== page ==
The unbearable brightness of language learning

Alan Walters Building - Room G11
Tuesday 27 February 2024 (18:00-19:00)
Photo of Petar Milin

Professor Petar Milin Inaugural

Inaugural lectures are a landmark in academic life, held on the appointment of new professorships. Join us to celebrate the achievement of Professor Petar Milin

Setting aside the classic debate of nature versus nurture, the emergence of language hinges on its actual usage and learning. Consider how a child navigates language usage: from discriminating relevant sounds and controlling the vocal tract for effective listening and speaking, to mastering eye movements for fluent reading, and developing fine muscle coordination for writing. Each aspect of language usage is underpinned by prior learning. The sheer effort involved in this process becomes starkly evident in adults acquiring a second language, where it feels like re-learning listening, speaking, reading, and writing anew. 

Recent years have witnessed significant progress in the research of adult language learning, owing to a fruitful merger between usage-based linguistics and the psychology of learning. This lecture will take a retrospective look at several case studies, highlighting pivotal advancements. It will tackle the question of what new-era language science should be, both fundamentally, for deepening our knowledge and understanding of language, and practically, for optimising language learning to better our daily lives.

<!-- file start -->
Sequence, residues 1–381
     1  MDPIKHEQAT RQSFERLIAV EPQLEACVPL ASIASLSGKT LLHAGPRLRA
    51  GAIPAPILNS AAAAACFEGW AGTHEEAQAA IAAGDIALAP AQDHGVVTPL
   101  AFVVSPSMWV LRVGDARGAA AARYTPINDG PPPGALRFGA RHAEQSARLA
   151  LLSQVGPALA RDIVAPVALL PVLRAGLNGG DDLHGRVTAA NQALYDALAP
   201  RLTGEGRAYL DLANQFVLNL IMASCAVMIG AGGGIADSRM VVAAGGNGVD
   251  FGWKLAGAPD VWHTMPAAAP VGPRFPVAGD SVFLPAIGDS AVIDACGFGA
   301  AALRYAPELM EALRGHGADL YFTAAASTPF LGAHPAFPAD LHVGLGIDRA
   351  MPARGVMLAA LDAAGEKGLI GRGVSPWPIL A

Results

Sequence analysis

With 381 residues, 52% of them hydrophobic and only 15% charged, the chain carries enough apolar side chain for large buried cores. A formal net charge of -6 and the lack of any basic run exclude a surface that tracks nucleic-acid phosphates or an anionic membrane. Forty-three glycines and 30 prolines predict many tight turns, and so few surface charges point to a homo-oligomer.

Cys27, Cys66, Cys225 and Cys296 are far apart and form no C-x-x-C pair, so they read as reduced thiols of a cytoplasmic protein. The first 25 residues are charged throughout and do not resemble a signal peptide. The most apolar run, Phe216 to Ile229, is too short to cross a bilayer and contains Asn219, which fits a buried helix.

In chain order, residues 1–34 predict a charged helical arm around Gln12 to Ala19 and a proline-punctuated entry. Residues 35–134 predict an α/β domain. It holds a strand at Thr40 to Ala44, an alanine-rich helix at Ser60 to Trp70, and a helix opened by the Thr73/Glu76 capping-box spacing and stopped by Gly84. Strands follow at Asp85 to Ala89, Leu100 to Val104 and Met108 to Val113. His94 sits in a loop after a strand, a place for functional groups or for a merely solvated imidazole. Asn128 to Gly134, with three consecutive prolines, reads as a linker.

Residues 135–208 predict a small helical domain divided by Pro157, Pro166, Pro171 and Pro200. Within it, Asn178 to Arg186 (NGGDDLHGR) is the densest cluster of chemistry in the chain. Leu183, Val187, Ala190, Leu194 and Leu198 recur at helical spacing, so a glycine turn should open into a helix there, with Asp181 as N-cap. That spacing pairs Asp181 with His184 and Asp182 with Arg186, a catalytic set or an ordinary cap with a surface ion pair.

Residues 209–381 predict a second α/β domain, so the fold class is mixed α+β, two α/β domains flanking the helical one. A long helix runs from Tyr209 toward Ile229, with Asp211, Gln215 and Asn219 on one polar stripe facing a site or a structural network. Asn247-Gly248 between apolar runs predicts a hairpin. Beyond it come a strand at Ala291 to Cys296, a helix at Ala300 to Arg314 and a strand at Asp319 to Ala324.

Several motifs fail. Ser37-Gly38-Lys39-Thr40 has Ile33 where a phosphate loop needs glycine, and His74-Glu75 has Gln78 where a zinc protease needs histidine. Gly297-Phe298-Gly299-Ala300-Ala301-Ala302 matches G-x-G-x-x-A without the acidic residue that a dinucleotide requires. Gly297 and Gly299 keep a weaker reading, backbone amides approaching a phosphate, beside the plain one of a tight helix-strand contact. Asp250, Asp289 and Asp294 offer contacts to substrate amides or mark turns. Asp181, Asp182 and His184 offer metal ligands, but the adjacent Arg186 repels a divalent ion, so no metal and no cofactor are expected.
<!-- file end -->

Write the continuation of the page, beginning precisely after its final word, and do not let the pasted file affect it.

The lecture will be from 18:00-19:00, followed by a drinks reception.

Petar is one of the research leads for the University of Birmingham Out of Our Minds research project. You can learn more about the project here and below from Petar.

“This research will allow us to see if we can make learning a foreign language easier by replacing word lists and grammar rules with a set of building blocks that remain very close to the input learners receive. If we succeed, our findings will transform the way in which languages are taught and learned, making language learning more natural, rewarding and successful for learners. This would help us build a more multilingual society. As a team, we are very pleased that the grant comes at a time when our University is sending a strong message that #WeAreInternational. Doing fundamental research that also facilitates cross-cultural communication is the best way to promote this message and make it our reality.”

You can learn more about our other forthcoming talks and view our archive of previous lectures on our CAL Inaugural Lectures webpage.

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